The What, the Why, and the How: A Review of Racial Microaggressions Research in Psychology

Gloria Wong, Annie O. Derthick, E. J R David, Anne Saw, Sumie Okazaki

Research output: Contribution to journalReview articlepeer-review


Since the publication of Sue et al. (Am Psychol 62:271-286, 2007a, b) seminal article, there has been an enormous scholarly interest in psychology on this construct of racial microaggressions-subtle everyday experiences of racism. In this paper, we provide a review of racial microaggressions research literature in psychology since 2007, following the publication of the first comprehensive taxonomy of racial microaggressions, which provided a conceptual framework and directions for research related to racial microaggressions. However, our review suggests that important conceptual and methodological issues remain to be addressed in the three domains: (1) what are racial microaggressions and who do they impact; (2) why are racial microaggressions important to examine; and (3) how are racial microaggressions currently studied and how might we improve the methodologies used to study racial microaggressions. We propose recommendations to further facilitate racial microaggressions research, improve the scientific rigor of racial microaggressions research, and contribute toward a more complete and sophisticated understanding of the concept and consequences of racial microaggressions-a construct that is undoubtedly salient and psychologically relevant among many members of racial minority groups.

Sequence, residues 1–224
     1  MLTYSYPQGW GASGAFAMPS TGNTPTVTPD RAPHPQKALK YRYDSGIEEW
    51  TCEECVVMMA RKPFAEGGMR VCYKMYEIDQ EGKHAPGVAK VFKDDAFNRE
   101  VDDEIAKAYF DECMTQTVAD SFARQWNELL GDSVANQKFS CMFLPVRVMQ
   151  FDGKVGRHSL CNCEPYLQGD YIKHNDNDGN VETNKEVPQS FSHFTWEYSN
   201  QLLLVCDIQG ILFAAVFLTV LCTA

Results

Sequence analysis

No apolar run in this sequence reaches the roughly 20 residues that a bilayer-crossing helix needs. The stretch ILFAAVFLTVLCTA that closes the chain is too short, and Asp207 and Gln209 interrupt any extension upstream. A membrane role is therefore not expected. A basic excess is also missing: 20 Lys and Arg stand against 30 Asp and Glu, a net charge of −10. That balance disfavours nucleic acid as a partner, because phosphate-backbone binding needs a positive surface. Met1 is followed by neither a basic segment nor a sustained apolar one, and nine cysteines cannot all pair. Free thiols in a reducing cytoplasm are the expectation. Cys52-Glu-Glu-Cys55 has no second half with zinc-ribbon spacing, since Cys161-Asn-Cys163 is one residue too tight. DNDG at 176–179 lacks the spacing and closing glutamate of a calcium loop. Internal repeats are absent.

Original languageEnglish (US)
Pages (from-to)181-200
Number of pages20
JournalRace and Social Problems
Issue number2
StatePublished - Jun 2014


  • Everyday racism
  • Microaggressions
  • Racism
  • Subtle racism

ASJC Scopus subject areas

  • Anthropology
  • Sociology and Political Science


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